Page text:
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The trials and tribulations...

Feeding. Breastfeeding? Bottle Feeding? Weaning? Food Tantrums (yours and theirs). It’s a tricky subject for many and not without its politics and navigating your way through poses a few questions and concerns for many.

How much should they be getting? What works for you? How do you know if they’re getting a balanced diet?

We covered a range of issues surrounding feeding and shared our experiences with helpful advice we’ve been given as well as some unwelcome opinions when it came to how we choose to feed them.

For the newbies, breast and bottle feeding both came with a range of experiences. Mums bottle-feeding felt a lack of support online and in person when it came to midwives, NHS & Health Visitors with little information around to help combat a feeling of guilt and anxiety but also relief and comfort knowing they could share the load. Mums breastfeeding explored feelings of pain (bleeding, chaffed nipples), cluster feeding and ease of transportation (can’t leave those boobies at home) for required top ups. Many also expressed feelings of being let down by some around them when opinions were forced on them (‘baby will latch, just persevere’, ‘you should really think about stopping breastfeeding now they can ask for it’) along with undiagnosed tongue ties and medical issues.

Useful advice was in abundance this week, such as remaining calm and focussed on the needs of you and your baby rather than the opinions of others. RBH offers a highly attentive infant Feeding Clinic on a weekly basis where private screening is available if you’re uncomfortable or new or just prefer a little help that doesn’t involve displaying your boobs (if Breastfeeding) to everyone else in the room (see RBH infant feeding link here). Facebook also have several groups, primarily Breastfeeding Berkshire with over 2000 members who can offer support and point you in the direction if you are having difficulty or particular issues.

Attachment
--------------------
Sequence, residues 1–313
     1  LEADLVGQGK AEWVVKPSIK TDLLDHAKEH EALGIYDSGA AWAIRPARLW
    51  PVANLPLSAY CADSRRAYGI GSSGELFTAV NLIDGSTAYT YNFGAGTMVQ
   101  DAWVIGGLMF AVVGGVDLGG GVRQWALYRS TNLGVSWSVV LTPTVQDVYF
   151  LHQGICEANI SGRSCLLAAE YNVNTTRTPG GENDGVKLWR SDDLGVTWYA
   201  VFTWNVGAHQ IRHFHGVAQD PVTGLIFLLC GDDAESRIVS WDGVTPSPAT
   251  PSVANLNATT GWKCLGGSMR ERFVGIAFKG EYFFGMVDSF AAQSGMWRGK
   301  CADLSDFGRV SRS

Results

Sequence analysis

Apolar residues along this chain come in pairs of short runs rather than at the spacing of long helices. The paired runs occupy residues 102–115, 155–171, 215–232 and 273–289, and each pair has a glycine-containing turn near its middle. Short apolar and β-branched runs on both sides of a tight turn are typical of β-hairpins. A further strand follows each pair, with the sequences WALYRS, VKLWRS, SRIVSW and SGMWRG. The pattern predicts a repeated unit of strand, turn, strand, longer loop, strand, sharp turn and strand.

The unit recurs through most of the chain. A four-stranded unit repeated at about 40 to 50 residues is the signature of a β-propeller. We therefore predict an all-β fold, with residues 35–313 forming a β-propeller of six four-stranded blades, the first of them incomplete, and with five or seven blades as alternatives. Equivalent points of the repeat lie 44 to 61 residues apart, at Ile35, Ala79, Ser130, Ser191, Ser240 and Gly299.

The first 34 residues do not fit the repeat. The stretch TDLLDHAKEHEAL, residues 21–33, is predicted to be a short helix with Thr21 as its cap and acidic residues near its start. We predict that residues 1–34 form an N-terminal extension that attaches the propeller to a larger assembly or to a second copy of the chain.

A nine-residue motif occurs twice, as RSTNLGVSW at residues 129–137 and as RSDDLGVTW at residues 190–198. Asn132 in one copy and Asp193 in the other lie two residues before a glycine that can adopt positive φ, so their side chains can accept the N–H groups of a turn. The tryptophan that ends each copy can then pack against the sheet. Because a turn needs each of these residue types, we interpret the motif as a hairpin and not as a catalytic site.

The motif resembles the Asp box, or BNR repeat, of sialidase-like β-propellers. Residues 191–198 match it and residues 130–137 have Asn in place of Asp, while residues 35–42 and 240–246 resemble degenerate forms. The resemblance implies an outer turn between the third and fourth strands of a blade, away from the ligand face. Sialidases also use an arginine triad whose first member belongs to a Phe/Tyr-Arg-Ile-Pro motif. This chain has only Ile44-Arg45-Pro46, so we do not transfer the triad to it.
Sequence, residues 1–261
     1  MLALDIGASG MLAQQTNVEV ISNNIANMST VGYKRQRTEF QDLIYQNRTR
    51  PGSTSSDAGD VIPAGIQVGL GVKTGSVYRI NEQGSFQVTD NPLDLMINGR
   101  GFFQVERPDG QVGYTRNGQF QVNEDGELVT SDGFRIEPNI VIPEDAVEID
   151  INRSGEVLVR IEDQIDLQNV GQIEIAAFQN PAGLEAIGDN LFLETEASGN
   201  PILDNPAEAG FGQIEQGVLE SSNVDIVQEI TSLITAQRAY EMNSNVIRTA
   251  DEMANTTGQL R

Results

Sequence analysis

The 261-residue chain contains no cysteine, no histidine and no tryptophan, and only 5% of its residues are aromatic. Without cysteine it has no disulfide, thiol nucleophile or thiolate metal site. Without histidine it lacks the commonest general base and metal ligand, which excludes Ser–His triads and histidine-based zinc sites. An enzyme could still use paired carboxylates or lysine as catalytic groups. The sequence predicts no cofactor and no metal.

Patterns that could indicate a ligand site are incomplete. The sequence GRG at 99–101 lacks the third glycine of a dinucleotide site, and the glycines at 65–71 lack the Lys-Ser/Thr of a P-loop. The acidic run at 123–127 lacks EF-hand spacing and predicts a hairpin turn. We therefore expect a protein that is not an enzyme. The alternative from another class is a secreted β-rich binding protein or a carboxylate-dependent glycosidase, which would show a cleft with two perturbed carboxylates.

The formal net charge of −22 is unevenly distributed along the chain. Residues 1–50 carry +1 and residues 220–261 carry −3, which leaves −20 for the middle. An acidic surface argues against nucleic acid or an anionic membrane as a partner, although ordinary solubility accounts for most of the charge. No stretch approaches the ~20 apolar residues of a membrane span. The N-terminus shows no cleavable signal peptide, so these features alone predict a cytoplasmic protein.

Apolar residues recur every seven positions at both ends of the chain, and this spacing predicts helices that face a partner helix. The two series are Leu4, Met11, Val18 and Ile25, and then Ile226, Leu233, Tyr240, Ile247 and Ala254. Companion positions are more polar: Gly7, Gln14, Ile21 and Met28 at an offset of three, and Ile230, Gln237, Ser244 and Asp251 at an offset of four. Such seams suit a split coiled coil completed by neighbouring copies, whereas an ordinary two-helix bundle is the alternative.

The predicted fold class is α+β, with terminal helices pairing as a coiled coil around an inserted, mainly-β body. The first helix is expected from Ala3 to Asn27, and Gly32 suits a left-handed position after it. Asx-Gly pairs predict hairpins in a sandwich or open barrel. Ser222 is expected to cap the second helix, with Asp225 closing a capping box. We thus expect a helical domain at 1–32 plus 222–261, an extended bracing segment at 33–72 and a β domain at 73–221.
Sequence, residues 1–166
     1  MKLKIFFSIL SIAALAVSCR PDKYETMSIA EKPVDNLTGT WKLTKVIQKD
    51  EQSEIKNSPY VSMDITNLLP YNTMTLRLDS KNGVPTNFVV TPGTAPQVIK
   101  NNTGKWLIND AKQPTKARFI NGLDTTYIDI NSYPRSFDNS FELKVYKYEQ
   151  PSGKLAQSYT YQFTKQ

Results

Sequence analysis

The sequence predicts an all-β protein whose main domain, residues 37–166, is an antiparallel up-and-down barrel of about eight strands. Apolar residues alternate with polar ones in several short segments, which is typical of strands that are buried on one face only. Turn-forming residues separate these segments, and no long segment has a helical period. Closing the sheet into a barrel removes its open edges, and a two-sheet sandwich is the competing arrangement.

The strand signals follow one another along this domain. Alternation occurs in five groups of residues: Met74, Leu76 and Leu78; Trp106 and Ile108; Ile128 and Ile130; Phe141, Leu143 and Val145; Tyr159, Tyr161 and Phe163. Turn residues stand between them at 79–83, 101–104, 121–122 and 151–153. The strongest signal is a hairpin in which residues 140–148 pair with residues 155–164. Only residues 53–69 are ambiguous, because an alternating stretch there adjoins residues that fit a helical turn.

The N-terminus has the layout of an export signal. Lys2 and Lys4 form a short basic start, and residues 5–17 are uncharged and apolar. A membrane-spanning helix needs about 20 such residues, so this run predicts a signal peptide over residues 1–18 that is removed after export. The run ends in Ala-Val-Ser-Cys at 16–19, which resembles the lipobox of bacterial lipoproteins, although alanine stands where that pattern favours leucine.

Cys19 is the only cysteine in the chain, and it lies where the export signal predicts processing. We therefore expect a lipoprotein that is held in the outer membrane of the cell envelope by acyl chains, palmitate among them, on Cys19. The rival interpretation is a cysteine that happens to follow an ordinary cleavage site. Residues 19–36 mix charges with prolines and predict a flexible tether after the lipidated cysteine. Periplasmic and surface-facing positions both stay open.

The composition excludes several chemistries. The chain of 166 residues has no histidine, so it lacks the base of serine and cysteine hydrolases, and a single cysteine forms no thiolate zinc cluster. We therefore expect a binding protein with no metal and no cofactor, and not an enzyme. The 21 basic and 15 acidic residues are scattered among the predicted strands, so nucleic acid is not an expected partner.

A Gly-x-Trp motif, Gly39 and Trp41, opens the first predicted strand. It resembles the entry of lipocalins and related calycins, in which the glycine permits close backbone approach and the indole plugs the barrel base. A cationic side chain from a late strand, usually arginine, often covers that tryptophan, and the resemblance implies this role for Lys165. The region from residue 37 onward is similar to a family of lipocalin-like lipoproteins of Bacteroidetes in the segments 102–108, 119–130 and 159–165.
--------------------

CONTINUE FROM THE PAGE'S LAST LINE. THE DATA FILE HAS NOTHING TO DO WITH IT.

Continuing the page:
We also discussed Britain’s attitudes and facts surrounding Breastfeeding with 34% of British babies being breastfed at 6 months, compared with Swedens 62% (Independent article can be read here) and shame associated with feeding in public. Some of us had been audited by the NHS postpartum as part of a national drive to encourage more mums with breastfeeding, some had received calls on a regular basis to see how they were coping and some had received no help or advice at all, relying on privately covered lactation specialists and clinics.

As for weaning, a plethora of topics were covered. How much should they eat? How do we get them to eat their vegetables? What were external attitudes to those who chose to raise their little ones on vegetarian or vegan diets (in short, not overly positive). Helpful advice was to just keep offering the more nutritious (but often green) foods, even if they were refused, hiding them in smoothies or baking them in cakes. We also discussed the excellent Young Gums website (Young Gums) and book for helpful tips with anything to do with feeding children (fussy or not), as well as easy, nutritious recipes that don’t take hours to prepare.

Some members expressed stress at their little ones rarely eating what’s put in front of them, relying on a pasta, chicken nugget, spaghetti hoop laden diet when fresh meals have been lovingly prepared. The overriding consensus was to remain calm and persevere with serving foods, even if they don’t eat them, remembering that it is important to offer, even if it is not gratefully received!

Without being able to communicate effectively and telling us when they are hungry, it’s impossible to know what and how much they want. What are your thoughts? Have you found anything particularly useful in your journey so far? 

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